|History of China|
|Neolithic c. 8500 – c. 2070 BCE|
|Xia dynasty c. 2070 – c. 1600 BCE|
|Shang dynasty c. 1600 – c. 1046 BCE|
|Zhou dynasty c. 1046 – 256 BCE|
|Spring and Autumn|
|Qin dynasty 221–206 BCE|
|Han dynasty 206 BCE – 220 CE|
|Three Kingdoms 220–280|
|Wei, Shu and Wu|
|Jin dynasty 265–420|
|Eastern Jin||Sixteen Kingdoms|
|Northern and Southern dynasties|
|Sui dynasty 581–618|
|Tang dynasty 618–907|
|(Second Zhou dynasty 690–705)|
|Five Dynasties and
|Northern Song||Western Xia|
|Yuan dynasty 1271–1368|
|Ming dynasty 1368–1644|
|Qing dynasty 1644–1912|
|Republic of China 1912–1949|
|People's Republic of China 1949–present|
The Shandong Problem (simplified Chinese: 山东问题; traditional Chinese: 山東問題; pinyin: Shāndōng wèntí) refers to the dispute over Article 156 of the Treaty of Versailles in 1919, which dealt with the concession of the Shandong Peninsula.
During the First World War, China supported the Allies on condition that the Kiautschou Bay concession, Imperial Germany's concession on the Shandong peninsula, would be returned to China. However, in 1915, China, forced by Japanese ultimatum, reluctantly agreed to a reduced set of "Thirteen Demands" from Japan's original Twenty-One Demands which, among other things, acknowledged Japanese control of former German holdings. Britain and France promised Japan it could keep these holdings. In late 1918, China reaffirmed the transfer to Germany and accepted payments from Japan. Article 156 in 1919 officially transferred the concessions in Shandong to Japan rather than returning sovereign authority to China.
Despite its formal agreement to Japan's terms (in 1915 and 1918), China at Paris in 1919 now denounced the transfer of German holdings, and won the strong support of President Wilson. The Chinese ambassador to France, Wellington Koo, stated that China could never relinquish Shandong, which was the birthplace of Confucius, the central Chinese philosopher, as much as Christians could not concede Jerusalem. He demanded the promised return of sovereignty over Shandong, to no avail. Japan was adamant and prevailed. Chinese popular outrage over this provision led to demonstrations and a cultural movement known as the May Fourth Movement and influenced Wellington Koo not to sign the treaty.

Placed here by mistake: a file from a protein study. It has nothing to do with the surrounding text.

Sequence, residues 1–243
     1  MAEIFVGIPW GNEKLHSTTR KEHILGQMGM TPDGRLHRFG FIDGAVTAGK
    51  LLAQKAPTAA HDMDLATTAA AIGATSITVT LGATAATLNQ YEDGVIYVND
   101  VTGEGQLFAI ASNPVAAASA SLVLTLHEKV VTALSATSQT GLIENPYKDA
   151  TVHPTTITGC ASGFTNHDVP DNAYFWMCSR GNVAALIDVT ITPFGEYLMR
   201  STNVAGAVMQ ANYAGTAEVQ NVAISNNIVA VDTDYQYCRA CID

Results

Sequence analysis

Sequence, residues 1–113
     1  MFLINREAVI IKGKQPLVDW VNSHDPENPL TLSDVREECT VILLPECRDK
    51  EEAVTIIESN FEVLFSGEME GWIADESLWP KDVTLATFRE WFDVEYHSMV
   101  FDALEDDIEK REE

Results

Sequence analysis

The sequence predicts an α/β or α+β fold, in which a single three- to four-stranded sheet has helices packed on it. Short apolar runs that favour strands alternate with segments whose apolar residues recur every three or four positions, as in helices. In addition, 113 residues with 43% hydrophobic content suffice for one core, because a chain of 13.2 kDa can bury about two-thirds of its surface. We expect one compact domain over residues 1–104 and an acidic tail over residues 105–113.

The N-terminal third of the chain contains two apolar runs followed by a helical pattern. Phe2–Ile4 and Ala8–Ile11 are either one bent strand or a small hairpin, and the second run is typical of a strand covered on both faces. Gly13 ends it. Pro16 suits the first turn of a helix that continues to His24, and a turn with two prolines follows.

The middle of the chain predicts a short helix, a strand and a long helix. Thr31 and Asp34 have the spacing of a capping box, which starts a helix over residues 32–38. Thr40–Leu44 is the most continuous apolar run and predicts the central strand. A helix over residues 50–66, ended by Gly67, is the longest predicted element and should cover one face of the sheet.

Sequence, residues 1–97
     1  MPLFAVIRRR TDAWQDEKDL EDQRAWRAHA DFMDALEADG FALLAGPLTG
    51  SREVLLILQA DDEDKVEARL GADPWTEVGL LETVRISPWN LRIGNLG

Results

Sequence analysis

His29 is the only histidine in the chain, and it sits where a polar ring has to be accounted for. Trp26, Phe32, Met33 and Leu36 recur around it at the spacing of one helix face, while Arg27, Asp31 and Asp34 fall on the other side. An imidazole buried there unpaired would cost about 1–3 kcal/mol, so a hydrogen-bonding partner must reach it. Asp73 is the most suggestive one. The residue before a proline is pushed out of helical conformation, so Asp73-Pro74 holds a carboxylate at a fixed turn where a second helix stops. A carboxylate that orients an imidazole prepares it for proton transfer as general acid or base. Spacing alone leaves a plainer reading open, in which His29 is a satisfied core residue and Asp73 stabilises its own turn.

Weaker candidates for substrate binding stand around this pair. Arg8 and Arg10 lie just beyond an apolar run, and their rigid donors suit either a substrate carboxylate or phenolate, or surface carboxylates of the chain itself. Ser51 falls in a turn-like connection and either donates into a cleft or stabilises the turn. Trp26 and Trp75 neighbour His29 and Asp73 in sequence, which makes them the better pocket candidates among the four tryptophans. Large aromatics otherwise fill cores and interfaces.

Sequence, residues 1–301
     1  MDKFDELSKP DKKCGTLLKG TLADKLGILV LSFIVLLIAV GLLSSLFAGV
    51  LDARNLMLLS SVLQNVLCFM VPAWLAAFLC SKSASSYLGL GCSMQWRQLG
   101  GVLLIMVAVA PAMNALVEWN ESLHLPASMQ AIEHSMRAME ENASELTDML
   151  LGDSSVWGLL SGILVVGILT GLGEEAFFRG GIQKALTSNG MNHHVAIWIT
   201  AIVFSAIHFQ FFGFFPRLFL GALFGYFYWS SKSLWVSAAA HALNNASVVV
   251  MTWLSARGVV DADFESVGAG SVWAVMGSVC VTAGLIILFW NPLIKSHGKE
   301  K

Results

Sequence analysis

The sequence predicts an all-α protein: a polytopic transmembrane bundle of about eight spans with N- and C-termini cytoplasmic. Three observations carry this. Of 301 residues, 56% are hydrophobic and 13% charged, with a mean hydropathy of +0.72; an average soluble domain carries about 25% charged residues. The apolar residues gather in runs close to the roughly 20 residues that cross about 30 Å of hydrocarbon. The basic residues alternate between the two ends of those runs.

China's refusal to sign the Versailles Treaty necessitated a separate treaty with Germany in 1921. The Shandong dispute was mediated by the United States in 1922 during the Washington Naval Conference. In a victory for China, the sovereignty of Shandong was returned to China. However Japan maintained its economic dominance of the railway and the province as a whole.
- A. Whitney Griswold, The Far Eastern Policy of the United States (1938) pp 239-68
- Griswold, The Far Eastern Policy of the United States (1938) pp 326-28
- Craft, Stephen G. "John Bassett Moore, Robert Lansing, and the Shandong Question," Pacific Historical Review (1997) 66#2 pp. 231-249 in JSTOR
- Elleman, Bruce A. Wilson and China: a revised history of the Shandong question (ME Sharpe, 2002)
- Fifield, Russell Hunt. Woodrow Wilson and the Far East: the diplomacy of the Shantung question (1952)
- Griswold, A. Whitney The Far Eastern Policy of the United States (1938) pp 239-68
- Kawamura, Noriko. "Wilsonian idealism and Japanese claims at the Paris Peace Conference," Pacific Historical Review (1997) 66$4 pp 503-526.
- MacMillan, Margaret. Paris 1919: Six months that changed the world (2001) pp 322-44. </ref>
- Pugach, Noel H. "American Friendship for China and the Shantung Question at the Washington Conference," Journal of American History (1977) 64#1 pp 67-86. in JSTOR
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